The Bible, unlike most religious texts, is unique in confronting the sinful, imperfect nature of man in all of the pride, selfishness and pettiness that we so clearly see in other people, of course, but are much less likely to see in ourselves. The Bible uniquely reflects that pride, selfishness and pettiness back at us. It forces us to be honest with ourselves.

It was many months before I learned a lesson that changed my life forever. If we do not turn from the conviction, but allow it to have its way with us, God’s Word brings us to the cross.

At the cross we see God, intentionally divested of His glory, dying as a sacrifice for us, redeeming us from the sin that is in us.  We are not left to be perpetually convicted of our sins; we are shown the way out of our condition that God provides. When we confess our sins and believe, we find the glorious truth of salvation, forgiveness of sin and relationship with our God and Creator.

“[W]hoever hears my word and believes him who sent me has eternal life and will not be condemned….” (John 5:24)

We must first see ourselves for who we are, as difficult and uncomfortable as that can be. The Living Word does that: it exposes the sin, but it also shows the way to mercy and forgiveness. It is sharper than any two-edged sword. The painful exposure of the sin that resides in us gives way to the healing that we desperately need by the same Word that smites us.

The Thoughts of Many Hearts Revealed

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Young Jesus presented to Simeon at the Temple

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“Then Simeon blessed them and said to Mary, his mother: ‘This child is destined to cause the falling and rising of many in Israel, and to be a sign that will be spoken against, so that the thoughts of many hearts will be revealed.'” (Luke 2:34-35)

People tend to focus on the “Christmas story”, but this verse that follows the account of the birth of Jesus is significant, if not subtle, in its ramifications.

Simeon was a temple priest who entertained the rituals performed by Mary after Jesus was born. Luke says that it was revealed to Simeon by the Holy Spirit that Simeon would not die before he had seen the Messiah.

Devout Jews of the time were expecting a Messiah (“Christ” in Greek). Keep in mind that over 300 years had passed since the last of the Old Testament prophets who foretold the Messiah. Simeon knew this baby was the One because the Holy Spirit had spoken to him!

Following an article I read recently, the author had a back and forth discussion with a reader about whether Jesus actually existed. The skeptic questioned the reliability of the Bible and did not believe that Jesus of Nazareth was an historical figure. Among other things, he questioned the lack of reference in First Century historical accounts of Jesus and the miracles that the Bible describes. The reader argued: if so many miraculous things really happened, wouldn’t everyone have heard about them and made mention of them in historical accounts?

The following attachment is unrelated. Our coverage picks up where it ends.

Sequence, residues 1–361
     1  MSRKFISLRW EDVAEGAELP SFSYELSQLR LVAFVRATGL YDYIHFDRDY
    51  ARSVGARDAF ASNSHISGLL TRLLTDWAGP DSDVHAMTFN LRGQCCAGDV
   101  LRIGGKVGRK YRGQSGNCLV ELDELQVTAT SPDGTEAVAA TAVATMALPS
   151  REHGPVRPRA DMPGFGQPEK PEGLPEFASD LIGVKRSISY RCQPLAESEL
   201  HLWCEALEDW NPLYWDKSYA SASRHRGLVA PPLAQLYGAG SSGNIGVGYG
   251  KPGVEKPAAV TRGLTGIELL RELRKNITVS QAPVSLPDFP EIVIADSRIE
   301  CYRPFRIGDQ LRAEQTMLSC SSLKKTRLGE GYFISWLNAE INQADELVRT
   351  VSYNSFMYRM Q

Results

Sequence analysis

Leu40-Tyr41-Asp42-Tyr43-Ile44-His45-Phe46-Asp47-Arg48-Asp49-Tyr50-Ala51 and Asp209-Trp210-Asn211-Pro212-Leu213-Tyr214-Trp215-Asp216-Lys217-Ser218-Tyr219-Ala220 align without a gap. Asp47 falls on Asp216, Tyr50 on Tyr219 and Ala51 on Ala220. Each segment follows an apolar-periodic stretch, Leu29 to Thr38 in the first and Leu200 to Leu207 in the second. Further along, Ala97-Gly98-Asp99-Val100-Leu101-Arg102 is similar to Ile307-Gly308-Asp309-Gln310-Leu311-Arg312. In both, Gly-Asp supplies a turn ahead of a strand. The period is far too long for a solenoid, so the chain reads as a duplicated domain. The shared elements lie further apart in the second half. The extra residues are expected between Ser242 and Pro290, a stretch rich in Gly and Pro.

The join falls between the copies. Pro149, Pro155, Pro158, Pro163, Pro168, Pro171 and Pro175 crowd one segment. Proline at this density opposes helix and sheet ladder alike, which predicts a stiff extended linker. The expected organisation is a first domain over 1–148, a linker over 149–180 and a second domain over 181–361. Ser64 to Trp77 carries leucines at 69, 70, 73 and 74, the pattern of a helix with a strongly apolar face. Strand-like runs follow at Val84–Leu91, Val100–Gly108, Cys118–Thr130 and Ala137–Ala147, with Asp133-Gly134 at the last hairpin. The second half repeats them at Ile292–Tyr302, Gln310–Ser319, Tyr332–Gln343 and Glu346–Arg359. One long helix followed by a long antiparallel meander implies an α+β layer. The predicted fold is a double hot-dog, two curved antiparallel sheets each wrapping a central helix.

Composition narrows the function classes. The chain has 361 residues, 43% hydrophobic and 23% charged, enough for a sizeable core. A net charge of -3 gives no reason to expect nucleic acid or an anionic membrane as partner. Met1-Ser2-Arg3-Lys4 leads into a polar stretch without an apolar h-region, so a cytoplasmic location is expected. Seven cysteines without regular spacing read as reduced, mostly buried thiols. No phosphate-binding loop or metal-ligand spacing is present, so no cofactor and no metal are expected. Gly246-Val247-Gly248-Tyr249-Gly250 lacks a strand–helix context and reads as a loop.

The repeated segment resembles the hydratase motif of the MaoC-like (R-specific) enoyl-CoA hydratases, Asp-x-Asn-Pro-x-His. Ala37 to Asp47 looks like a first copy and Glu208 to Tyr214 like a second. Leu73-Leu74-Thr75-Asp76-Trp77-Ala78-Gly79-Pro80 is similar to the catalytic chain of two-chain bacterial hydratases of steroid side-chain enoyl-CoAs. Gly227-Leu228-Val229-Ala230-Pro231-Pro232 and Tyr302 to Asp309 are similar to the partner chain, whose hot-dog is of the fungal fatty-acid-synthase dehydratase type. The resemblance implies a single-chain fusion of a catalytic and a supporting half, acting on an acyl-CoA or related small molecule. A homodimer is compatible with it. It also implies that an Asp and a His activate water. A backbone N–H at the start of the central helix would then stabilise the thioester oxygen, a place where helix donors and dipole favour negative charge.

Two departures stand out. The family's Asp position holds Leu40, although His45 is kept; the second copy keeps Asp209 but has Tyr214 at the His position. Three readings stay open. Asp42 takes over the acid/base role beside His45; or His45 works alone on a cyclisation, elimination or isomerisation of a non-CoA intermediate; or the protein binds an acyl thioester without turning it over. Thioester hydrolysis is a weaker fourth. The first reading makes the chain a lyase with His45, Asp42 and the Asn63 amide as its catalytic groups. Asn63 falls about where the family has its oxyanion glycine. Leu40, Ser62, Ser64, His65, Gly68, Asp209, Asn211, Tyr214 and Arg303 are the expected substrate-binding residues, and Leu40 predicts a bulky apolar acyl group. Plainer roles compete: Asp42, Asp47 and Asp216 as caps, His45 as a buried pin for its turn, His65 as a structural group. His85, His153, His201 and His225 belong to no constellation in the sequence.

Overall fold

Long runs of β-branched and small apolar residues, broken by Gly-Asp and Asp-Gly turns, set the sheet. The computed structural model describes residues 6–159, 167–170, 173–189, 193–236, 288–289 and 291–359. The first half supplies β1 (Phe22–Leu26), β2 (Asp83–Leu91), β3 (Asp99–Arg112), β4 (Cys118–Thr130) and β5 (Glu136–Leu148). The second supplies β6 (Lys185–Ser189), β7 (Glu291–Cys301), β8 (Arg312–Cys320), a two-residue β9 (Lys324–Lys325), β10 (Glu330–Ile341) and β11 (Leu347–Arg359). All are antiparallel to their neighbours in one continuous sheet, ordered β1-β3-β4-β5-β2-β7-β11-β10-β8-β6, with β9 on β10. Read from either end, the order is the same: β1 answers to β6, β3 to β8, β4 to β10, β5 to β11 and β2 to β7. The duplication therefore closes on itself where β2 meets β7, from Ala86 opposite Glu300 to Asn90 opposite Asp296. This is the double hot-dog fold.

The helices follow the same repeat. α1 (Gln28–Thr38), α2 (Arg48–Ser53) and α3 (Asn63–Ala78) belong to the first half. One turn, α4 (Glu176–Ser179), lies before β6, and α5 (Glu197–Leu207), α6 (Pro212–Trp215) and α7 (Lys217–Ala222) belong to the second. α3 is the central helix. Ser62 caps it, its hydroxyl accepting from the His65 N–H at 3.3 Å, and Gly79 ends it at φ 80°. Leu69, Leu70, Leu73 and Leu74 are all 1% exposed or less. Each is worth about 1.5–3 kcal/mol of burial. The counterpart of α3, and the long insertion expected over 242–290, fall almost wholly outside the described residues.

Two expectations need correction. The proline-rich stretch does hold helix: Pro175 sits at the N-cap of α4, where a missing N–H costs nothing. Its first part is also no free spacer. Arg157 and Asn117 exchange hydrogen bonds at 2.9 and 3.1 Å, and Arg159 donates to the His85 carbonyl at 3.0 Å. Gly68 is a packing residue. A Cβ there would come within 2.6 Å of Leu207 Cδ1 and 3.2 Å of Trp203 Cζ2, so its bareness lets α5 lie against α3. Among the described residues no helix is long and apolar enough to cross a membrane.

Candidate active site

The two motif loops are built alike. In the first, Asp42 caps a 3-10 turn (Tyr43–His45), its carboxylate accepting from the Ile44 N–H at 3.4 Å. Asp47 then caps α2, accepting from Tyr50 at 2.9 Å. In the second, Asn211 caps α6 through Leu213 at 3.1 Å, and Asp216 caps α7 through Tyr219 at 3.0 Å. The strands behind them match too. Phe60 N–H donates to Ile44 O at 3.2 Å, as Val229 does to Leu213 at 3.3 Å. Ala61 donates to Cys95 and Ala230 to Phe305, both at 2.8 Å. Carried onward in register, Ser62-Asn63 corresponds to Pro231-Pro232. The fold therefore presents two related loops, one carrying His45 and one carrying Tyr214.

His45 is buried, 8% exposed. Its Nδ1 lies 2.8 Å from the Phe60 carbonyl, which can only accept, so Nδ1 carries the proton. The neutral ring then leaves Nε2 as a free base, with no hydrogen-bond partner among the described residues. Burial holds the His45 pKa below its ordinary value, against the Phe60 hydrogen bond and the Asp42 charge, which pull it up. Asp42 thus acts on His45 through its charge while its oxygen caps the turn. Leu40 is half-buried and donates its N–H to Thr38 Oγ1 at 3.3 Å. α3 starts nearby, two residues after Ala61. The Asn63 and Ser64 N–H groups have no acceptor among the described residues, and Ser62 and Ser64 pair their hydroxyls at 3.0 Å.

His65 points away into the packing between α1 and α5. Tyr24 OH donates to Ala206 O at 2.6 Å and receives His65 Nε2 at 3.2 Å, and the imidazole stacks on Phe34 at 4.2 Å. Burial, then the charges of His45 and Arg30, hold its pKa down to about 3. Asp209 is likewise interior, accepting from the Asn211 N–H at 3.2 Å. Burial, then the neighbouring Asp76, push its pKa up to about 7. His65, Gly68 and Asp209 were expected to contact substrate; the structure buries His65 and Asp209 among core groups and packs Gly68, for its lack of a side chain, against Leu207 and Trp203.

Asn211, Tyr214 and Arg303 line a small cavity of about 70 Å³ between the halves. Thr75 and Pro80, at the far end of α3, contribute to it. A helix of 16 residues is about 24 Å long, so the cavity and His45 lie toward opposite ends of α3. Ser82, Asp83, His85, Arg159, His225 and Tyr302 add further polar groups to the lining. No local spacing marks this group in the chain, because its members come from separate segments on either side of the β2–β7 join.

Never mind that social media was late to arrive in First Century Galilee and CNN had not yet been picked up in Jerusalem at that time. I wonder: would you believe accounts of miracles if they were reported in India? Mexico? Montana? Would you have even give it a second thought if some fishermen, homeless persons or prostitutes claimed to be healed?

Of course, this question begs another question: Isn’t the Bible a historical account? The “books” of the New Testament are written like historical accounts, especially the Gospels and the Book of Acts, but what about the letters?

The Christ child, Simeon is recorded as saying to Mary, was “destined to cause the falling and rising of many in Israel”, and that certainly is what happened. Jesus, who only lived a short 30 some years, caused quite a stir, and the stir even continues today, almost two millennia later.

Many continue to speak against Jesus today, just as Simeon said they would, which is an odd thing if Jesus was never an historical figure. The thoughts of many hearts are revealed if this Jesus really was God who came in the flesh to walk among us. He is the continental divide between those who are open to God and those who deny him.

Continue reading “The Thoughts of Many Hearts Revealed”

A Message in a Manger

Christmas nativityGod put eternity into the hearts of men said the writer of Ecclesiastes, and Jesus is the answer to that longing that is built into us. We live imperfect, flawed lives, and then we die. The writer of Ecclesiastes says that “all is meaningless.” We came from dust and to dust we return, but when Jesus Christ was born, he introduced the antidote to that condition of sin and death.

The sins and wrongs of fathers and mothers pass down to their sons and daughters and have done so from the beginning. In Jesus, God introduced a new lineage and a new possibility. Born a man, but also born of God, through Jesus comes the answer to the finite frailty that is humankind.

The birth, life, death and resurrection of Jesus Christ is the core of the Gospel. If Jesus did not rise from the dead, all of our hope is in vain. If miracles are not real, then the atheists are right that we are to be despised. If Jesus did not rise from the dead, there is no escape from the injustices that will never be righted in this life and from the oblivion to follow.

Continue reading “A Message in a Manger”